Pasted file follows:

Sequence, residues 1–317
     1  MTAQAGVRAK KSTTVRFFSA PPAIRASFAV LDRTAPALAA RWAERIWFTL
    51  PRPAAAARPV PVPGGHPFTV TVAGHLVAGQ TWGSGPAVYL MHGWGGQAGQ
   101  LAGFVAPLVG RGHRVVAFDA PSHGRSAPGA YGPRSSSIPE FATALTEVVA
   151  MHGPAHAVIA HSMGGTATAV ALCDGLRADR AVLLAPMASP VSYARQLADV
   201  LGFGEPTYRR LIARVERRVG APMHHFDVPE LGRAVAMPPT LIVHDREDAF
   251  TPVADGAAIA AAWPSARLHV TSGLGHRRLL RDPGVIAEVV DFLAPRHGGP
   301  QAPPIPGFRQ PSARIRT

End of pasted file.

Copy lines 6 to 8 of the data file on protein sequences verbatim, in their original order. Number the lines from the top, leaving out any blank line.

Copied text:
   201  LGFGEPTYRR LIARVERRVG APMHHFDVPE LGRAVAMPPT LIVHDREDAF
   251  TPVADGAAIA AAWPSARLHV TSGLGHRRLL RDPGVIAEVV DFLAPRHGGP
   301  QAPPIPGFRQ PSARIRT